Ella in Buenos Aires: A Weekend in Salta

June 25, 2018

Hello!

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Things have been getting kind of crazy here since finals are coming up! This week I wanted to write about my amazing trip to the provinces of Salta and Jujuy, Argentina. I went with four of my good friends that I met here in Buenos Aires at the Universidad Católica Argentina.

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First we traveled to the cities of Humahuaca and Tilcara, which were absolutely incredible. The mountains were breathtaking.

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Next, we went to Purmamarca, and to the Salinas Grandes, or salt flats, which went on as far as the eye could see. We learned that the government harvests the salt to sell! I had never seen anything like it in my life. We thought our car looked cool against the barren landscape.

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Last, we went to the city of Cafayate, which is kind of off the beaten path. None of our friends had been there before, so we weren’t sure exactly what to expect but we ended up having such a great time. The bodegas weren’t all open since it is the low season in terms of tourism, but the ones that we found were so cute and nice. I think this is my favorite city I’ve been to in Argentina outside of Buenos Aires. I can’t tell you how calm and relaxing it was! Also, the people we met were so nice and friendly.

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The whole trip was an incredible experience, but the highlight was definitely the hike that we went on in Cafayate. Our guide took us all the way to the top of steep mountain, where we could see the whole city below us. On our way up we saw five different waterfalls, and a whole herd of wild mountain goats!

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Now that I’m back in BA, I really have to hit the books this week so that I’m ready for finals!

Chau for now!

Ella


Jack in NZ: Alkaline

November 21, 2016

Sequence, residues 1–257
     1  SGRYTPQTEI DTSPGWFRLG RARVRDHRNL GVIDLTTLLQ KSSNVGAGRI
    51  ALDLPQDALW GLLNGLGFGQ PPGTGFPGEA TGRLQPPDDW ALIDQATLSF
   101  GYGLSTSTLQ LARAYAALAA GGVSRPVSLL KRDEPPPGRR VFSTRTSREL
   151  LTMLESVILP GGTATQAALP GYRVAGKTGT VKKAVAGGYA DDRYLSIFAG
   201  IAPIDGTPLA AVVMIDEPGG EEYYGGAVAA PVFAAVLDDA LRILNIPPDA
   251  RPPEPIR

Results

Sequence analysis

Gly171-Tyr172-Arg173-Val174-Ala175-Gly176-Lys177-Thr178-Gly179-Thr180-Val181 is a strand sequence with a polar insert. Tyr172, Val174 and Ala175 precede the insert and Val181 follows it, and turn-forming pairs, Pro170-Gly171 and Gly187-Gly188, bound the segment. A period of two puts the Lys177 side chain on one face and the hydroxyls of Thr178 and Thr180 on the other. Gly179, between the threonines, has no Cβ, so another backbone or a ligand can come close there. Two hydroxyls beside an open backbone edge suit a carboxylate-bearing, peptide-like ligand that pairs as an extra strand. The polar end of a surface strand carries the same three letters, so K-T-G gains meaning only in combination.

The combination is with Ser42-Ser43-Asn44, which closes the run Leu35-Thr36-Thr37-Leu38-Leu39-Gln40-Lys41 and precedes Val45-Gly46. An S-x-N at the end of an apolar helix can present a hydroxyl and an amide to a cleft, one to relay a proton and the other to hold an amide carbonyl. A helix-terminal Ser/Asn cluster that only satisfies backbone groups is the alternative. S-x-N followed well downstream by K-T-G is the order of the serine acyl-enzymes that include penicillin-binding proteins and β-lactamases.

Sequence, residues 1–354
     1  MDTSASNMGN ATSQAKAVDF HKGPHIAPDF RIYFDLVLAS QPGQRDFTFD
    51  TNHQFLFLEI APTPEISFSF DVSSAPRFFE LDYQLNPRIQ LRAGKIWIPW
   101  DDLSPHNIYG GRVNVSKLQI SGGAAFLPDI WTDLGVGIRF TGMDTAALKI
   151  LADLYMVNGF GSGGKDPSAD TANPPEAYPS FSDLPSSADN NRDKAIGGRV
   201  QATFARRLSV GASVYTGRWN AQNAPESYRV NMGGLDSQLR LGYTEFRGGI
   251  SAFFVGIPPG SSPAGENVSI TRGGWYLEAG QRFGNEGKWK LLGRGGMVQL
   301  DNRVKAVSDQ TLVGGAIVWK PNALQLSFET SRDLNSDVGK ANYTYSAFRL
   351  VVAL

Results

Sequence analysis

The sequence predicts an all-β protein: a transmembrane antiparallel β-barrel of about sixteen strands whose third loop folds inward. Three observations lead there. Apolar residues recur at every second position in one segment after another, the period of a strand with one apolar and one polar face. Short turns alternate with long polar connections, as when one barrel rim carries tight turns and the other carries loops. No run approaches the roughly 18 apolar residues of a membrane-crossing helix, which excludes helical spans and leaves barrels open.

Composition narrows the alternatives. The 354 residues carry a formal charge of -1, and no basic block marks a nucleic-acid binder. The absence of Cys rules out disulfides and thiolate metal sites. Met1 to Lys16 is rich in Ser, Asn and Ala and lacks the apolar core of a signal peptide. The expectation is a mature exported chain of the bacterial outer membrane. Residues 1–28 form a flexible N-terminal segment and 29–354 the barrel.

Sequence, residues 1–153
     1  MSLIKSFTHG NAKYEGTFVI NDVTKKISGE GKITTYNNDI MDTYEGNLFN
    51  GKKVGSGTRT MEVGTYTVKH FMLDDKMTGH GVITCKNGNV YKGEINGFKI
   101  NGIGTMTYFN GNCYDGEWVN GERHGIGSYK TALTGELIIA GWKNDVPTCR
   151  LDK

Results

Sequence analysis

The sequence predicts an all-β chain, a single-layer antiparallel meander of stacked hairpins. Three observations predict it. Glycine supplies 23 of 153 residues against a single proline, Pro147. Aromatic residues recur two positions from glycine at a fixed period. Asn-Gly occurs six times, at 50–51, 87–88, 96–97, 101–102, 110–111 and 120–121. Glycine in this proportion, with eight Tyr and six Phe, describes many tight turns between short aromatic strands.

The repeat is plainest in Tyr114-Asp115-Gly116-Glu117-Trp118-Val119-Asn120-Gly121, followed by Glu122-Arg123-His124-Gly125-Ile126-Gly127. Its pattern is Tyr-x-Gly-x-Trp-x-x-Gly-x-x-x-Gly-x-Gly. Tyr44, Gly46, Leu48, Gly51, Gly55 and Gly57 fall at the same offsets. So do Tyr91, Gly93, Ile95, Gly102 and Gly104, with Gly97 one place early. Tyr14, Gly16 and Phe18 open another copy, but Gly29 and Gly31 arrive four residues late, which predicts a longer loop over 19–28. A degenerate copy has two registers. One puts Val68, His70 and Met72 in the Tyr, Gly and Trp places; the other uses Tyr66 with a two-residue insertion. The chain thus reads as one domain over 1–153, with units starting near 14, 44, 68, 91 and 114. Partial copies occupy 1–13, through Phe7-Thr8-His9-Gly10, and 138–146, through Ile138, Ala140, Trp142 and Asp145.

“Don’t feel bad for me. I think I’m, like, so pretty.”

“I am a hot-blooded fire and I am fearless.”

“It’s been a life-altering year. But I guess every year for everyone is a life-altering year.”

– Amy Schumer

After literal weeks of trying to come up with a post-abroad blog post, I’m taking my second copout. I’m still trying to make sense of the whole semester and tie a pretty little literary bow on the whole thing. Rest assured, it’s coming. But in the meantime, I need to publish something. And I’m running out of forms to experiment with. The one, of course, that I haven’t touched, is the blandly positive stereotypical travel blog. I’ve resisted this one all semester, agonizing over my posts, trying as best as I can to make something meaningful that I can be proud of. Now, I relent.

And my goodness was it enjoyable. There’s no literary risk involved, just relating my experience as simply as possible. No flourish, nothing over which to feel self conscious, nothing over which to agonize. It was easy, it was fun, it was positive.

And here I think lies the first lesson I’ve learned while abroad: basic stuff is kind of fun. Polo shirts are comfortable, Ke$ha is talented, Amy Schumer is funny. And more importantly, the people who like these things aren’t suffering from some sort of aesthetic-appreciation affliction, they’re just people, enjoying what life has to offer.

This is the Katy Perry of my blog posts, my Abercrombie, my Kevin Hart. And while any respectable critic would (rightly) dump on it, it’s upbeat and it’s fun and it’s positive, and who wants to disparage that?

Just because I don’t like it, doesn’t mean other people can’t enjoy it: